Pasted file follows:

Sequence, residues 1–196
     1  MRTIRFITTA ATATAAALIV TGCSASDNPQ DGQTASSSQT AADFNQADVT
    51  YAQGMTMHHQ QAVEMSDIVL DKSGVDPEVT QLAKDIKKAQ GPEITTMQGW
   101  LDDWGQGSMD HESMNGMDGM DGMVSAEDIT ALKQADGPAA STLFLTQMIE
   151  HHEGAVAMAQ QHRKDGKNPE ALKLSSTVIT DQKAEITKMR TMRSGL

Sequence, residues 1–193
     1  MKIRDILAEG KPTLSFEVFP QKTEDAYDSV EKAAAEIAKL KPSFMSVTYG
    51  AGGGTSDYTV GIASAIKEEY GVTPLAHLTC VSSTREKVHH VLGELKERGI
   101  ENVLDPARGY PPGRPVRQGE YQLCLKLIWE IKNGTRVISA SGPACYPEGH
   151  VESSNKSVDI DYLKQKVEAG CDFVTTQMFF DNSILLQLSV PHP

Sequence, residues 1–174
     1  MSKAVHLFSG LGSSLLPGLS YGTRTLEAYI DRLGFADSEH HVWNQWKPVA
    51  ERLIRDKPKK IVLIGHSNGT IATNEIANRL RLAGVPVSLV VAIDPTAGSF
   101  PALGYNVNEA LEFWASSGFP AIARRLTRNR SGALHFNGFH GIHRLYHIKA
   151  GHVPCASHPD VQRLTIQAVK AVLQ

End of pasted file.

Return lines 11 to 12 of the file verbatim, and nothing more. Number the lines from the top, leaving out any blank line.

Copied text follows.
Sequence, residues 1–174
     1  MSKAVHLFSG LGSSLLPGLS YGTRTLEAYI DRLGFADSEH HVWNQWKPVA